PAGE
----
NSWG members and staff maintain close working relationships with legislators from both parties. Now in its second year, the NSWG Congressional Nuclear Security Fellowship embeds nuclear and national security experts in Republican and Democrat House and Senate offices. This provides the Congress with trusted, nonpartisan information and insight on the full range of nuclear policy challenges.
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The spread of nuclear weapons poses a threat to U.S. national security and the security of its allies and partners around the world. Countering this threat requires marshaling every available tool of statecraft, from specialized military capabilities and economic instruments to diplomacy and international cooperation. The United States once led a global effort to curb the spread of technologies and materials that could be used to manufacture nuclear weapons. American leadership and support for this endeavor reflected a bipartisan consensus that the emergence of new nuclear powers would make the United States and its allies less secure.
Today, however, the international nonproliferation regime is under considerable strain. North Korea’s continued violation of international nonproliferation treaties has cast doubt on the ability of international instruments and opinion to compel good behavior. Moreover, the international consensus that once existed in support of robust monitoring and enforcement of nonproliferation rules has frayed, and Russia leads the charge in opposition to measures that could strengthen international inspections. The U.S. government continues to retain robust capabilities to monitor and affect WMD developments, but these efforts are increasingly disorganized—a consequence of the lack of high-level attention and cross-party consensus in Congress on the importance of the issue and the merits of a whole-of-government response.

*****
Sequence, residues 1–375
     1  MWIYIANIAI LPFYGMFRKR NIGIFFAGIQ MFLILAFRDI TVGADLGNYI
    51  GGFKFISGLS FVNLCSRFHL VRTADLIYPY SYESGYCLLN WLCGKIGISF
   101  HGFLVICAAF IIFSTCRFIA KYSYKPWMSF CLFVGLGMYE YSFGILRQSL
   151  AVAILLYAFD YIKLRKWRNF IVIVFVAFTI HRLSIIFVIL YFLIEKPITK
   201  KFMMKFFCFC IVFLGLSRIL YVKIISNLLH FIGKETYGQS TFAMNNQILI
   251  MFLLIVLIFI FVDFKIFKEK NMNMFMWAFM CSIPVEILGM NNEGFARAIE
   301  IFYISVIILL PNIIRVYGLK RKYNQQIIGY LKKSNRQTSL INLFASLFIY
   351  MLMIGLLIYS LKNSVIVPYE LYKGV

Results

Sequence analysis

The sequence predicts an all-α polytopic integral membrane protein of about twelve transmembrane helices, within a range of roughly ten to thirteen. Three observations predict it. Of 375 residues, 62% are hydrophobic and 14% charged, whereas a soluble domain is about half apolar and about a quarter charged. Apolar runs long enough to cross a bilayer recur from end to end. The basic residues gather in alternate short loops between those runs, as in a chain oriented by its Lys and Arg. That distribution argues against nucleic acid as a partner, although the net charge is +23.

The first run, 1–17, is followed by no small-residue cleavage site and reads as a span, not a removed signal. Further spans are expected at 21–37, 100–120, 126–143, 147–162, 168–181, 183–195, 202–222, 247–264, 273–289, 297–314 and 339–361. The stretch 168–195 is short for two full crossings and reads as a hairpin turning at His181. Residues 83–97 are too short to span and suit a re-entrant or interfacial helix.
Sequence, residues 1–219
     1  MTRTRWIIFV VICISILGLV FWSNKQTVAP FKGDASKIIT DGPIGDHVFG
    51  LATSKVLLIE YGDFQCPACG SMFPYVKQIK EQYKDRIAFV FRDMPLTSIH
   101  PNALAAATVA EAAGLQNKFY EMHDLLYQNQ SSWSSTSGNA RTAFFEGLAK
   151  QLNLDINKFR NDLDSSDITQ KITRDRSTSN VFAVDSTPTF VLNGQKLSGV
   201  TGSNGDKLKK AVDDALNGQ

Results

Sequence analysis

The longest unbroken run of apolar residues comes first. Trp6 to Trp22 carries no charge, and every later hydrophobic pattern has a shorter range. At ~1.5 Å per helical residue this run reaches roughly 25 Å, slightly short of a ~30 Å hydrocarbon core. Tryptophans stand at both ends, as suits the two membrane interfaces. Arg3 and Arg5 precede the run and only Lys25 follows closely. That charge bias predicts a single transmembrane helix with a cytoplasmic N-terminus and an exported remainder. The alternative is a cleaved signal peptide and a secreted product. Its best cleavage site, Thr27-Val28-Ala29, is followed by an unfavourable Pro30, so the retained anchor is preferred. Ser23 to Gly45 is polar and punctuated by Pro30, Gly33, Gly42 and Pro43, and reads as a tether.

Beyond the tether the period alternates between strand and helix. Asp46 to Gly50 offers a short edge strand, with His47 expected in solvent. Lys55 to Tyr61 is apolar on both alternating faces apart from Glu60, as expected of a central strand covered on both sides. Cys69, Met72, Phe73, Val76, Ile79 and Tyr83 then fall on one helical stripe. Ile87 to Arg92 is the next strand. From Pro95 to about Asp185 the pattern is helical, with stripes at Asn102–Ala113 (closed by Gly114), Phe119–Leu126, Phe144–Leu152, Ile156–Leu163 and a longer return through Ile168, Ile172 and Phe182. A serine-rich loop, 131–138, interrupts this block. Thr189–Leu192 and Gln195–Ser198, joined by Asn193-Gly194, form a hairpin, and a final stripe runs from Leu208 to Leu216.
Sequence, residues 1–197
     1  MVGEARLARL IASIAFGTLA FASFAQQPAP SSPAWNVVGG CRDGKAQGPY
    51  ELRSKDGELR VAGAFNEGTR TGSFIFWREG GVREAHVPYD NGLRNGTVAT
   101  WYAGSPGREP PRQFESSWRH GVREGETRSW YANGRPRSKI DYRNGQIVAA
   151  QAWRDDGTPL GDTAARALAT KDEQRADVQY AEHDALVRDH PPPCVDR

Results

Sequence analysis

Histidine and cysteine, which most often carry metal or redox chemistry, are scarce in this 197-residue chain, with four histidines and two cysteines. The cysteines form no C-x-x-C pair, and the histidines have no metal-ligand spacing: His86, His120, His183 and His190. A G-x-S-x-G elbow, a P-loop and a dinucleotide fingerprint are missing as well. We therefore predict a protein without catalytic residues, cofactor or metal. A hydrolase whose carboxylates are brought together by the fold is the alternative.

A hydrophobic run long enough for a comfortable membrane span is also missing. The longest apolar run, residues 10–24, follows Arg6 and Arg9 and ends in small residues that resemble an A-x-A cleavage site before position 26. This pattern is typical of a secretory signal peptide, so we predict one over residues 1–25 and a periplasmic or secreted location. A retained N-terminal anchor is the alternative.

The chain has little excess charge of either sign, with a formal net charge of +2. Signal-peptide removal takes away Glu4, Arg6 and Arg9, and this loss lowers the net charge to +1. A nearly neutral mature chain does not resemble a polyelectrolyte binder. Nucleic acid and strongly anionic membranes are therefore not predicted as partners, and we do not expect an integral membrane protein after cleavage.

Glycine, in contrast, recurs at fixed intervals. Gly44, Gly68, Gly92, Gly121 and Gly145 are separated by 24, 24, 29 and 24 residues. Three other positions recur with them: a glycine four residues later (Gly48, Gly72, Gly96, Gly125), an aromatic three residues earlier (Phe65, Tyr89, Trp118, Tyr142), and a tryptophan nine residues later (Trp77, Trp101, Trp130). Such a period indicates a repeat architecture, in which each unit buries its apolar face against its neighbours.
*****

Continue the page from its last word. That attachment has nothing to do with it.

With strong working relationships with key officials and offices on Capitol Hill, NSWG is well-positioned to sustain an informed and non-partisan dialogue on the future of efforts to prevent the spread and use of nuclear weapons.
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From the risks posed by North Korea’s burgeoning nuclear arsenal to the ongoing development of nuclear energy, Asia faces a range of nuclear challenges. NSWG members are at the forefront of discussions on China’s military and foreign policy, U.S.-Japan relations, and U.S. strategic planning for future conflicts in the Asia-Pacific. NSWG meetings and events bring together senior practitioners and Asia experts to identify pragmatic solutions to these challenges, furthering the interests of the United States and its allies.